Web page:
and the damsel in another building "protected" by bobbies..


It was here that we met the enemy, and it was definitely not us..

Eventually, I engaged in blows in the southern part with one of the bosses, while Jeff sic'd his flaming zombies to smoke out the damsel, complete with the fire spreading to nearby spaces.







An interesting mechanic is the use of Ether, which is the game's energy points that allow the use of cybernetic arms, weapons, etc, for extra damage and such. The only issue is, if the good guys use the Ether, the bad guy GM gets also powered up exactly with the same amount of Ether points you just used up. You can either not use Either, or at the appropriate heroic time, use it, but face some potential consequences as the bad guy will come back roaring as well.

Eventually, we distracted Jeff in the top part of the map, running interference with the Zombies while we allowed the damsel to exit in the bottom part..


It was here that I got intrigued a bit.. This is a campaign game, where, depending on how the session went, there are mechanics that allow the sides to level up with equipment, and skills/powers.

Leveling up a warband is common in such games as Necromunda, Mordheim, and Frostgrave, but you don't see it much in boardgames. However, with the increase interest in legacy mechanics in boardgames, you will likely see it more and more. I should point out that the characters don't ever die, unlike those games.

The leveling up between scenarios mechanic involves visiting 4 locations in London, to get one-use only artefacts or upgraded gear, etc.. A tile is placed, and the 4 sides have random cards for each type of leveling up benefit, to which you then place your hero, with some restrictions depending on who can pick up what and such.


I chose an Aztec magical mask for one character..



and a mechanical robot helper for the other..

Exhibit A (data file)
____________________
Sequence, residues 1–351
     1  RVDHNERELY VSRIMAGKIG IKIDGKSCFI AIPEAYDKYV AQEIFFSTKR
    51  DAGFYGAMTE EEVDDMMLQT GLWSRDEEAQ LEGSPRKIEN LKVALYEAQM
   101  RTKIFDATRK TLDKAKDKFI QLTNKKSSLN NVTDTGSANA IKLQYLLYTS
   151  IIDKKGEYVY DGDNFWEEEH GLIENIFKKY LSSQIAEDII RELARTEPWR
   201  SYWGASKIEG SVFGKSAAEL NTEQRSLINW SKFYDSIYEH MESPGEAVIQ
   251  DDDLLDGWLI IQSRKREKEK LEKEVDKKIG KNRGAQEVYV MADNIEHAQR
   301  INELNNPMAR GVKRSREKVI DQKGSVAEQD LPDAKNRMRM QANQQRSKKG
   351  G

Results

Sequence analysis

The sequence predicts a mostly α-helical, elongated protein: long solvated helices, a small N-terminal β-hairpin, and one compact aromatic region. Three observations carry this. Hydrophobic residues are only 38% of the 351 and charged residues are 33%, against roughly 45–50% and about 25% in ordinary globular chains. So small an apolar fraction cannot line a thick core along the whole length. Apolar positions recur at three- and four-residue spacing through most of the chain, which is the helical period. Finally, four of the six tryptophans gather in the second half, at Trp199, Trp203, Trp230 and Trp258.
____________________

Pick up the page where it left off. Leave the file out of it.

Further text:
You then use these benefits going forward in a scenario, until discarded (if it says so on the card), subject to your carrying limits on your card.

In the second scenario, a ghost wanted to give us further artefacts, but we have to beat off those aforementioned Zombies, as well as a new type, and more bosses.


This was a tougher scenario, with the hordes beating us up a lot more.. sufficient to say, we lost this one..





but I did manage to get very steampunk equipment from the ghost, like a surgical bag and a steel top hat..


Again, we leveled up after the scenario the same way, getting more goodies, though I believe since Jeff won, he got a bit more.

We recorded our ending characters leveled up for future use should the campaign continue by taking a picture of each:

 




Moloch is not bad, especially if you like Steampunk and horror. The one issue was the rules.. we found them a bit vague at times and rushed.. I am told that there is a multi-page FAQ already trying to clarify things. I hope by the time we play again, some of the rules are clarified even further.


3 comments:

  1. I beg to differ on the CMON sculpt quality: I have yet to see one of their board games with less than high quality sculpts, even back to Zombiecide and Arcadia Quest. Other companies generally don't reach this high standard of sculpts though.

    As for the campaign mechanic: Arcadia Quest also has that, albeit a little simpler than the one in this game. That is one of the things that makes Arcadia a favourite of ours.

    All in all it was worth braving the elements for this session.

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  2. The Royal Guard Zombie looks like an excellent concept. He wouldn't be out of place as a higher scale sculpture that's for sure.

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    1. Yes, interesting and noteworthy. I would never had thought to turn them into Zombies myself.